The Solicitors Regulation Authority spent £3.1m on the unsuccessful prosecution and appeal relating to the Leigh Day case, the regulator admitted today. It has also published correspondence with government departments which reveals the close interest taken by both the Ministry of Defence and Ministry of Justice in the details and progress of the investigation, which concerned the handling of claims by Iraqi civilians against the MoD.
The costs, which include VAT, are broken down by £2.1m for the Solicitors Disciplinary Tribunal and £1m for the subsequent appeal in the High Court. In both sets of proceedings the SRA failed to secure proven verdicts against the human rights firm and three of its solicitors.
The costs are made up of £222,000 for the initial investigation, £1.9m for the SDT and £972,000 for the appeal. The SRA does not provide details of the costs of solicitors and counsel due to ‘issues of commercial confidentiality’.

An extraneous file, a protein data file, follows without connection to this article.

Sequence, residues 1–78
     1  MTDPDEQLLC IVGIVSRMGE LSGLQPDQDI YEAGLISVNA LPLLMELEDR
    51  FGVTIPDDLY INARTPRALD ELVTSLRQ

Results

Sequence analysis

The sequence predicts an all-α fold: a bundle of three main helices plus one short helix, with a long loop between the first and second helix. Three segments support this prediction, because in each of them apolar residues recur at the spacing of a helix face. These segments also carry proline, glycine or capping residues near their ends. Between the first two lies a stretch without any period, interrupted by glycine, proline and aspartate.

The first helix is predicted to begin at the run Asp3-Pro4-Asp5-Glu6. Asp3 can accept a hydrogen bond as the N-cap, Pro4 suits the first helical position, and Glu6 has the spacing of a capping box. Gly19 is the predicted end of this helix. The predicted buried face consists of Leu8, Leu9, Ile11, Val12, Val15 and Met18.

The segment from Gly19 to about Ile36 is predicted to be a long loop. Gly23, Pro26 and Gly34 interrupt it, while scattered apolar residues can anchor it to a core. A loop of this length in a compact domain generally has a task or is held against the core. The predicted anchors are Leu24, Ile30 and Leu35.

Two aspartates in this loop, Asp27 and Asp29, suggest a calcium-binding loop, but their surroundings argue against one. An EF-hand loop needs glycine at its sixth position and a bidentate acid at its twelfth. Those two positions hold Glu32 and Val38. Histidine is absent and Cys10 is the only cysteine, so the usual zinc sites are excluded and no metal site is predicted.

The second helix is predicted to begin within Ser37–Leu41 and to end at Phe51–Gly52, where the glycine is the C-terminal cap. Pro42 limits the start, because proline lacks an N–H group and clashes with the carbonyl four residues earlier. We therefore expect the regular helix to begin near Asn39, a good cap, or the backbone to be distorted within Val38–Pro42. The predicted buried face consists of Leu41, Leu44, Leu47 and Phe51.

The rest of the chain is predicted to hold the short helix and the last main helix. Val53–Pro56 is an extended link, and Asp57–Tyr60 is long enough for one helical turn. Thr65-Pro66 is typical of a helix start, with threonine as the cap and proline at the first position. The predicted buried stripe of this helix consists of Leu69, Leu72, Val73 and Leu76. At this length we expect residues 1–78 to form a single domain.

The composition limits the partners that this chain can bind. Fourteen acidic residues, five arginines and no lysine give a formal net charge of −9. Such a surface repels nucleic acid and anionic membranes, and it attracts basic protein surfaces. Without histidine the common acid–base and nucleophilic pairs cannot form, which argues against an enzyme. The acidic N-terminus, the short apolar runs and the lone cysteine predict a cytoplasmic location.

The SRA says the costs are primarily made up of legal fees and 'reflect the complexity and size of the investigation'.
The regulator added today: 'Our disciplinary work is a vital part of our role to make sure we protect the public and maintain trust and confidence in the high professional standards we expect from solicitors and law firms.'
The total spend is the equivalent of around £21 for every practising solicitor in England and Wales.
The regulator has also published some of the correspondence exchanged in the build-up to the tribunal hearing between itself, the Ministry of Defence, the Ministry of Justice and individual MPs. This includes exchanges between the then defence secretary Sir Michael Fallon and Paul Philip, chief executive of the Solicitors Regulation Authority.
Frances Swaine, managing partner of Leigh Day said: ‘We welcome this transparency from the SRA with regard to the costs incurred by the regulator in prosecuting us.
‘The partial disclosure of correspondence, between the SRA and government, points to the need for the regulator to be truly independent of government, but also to be seen to be truly independent to ensure the trust of the public as well as the profession.’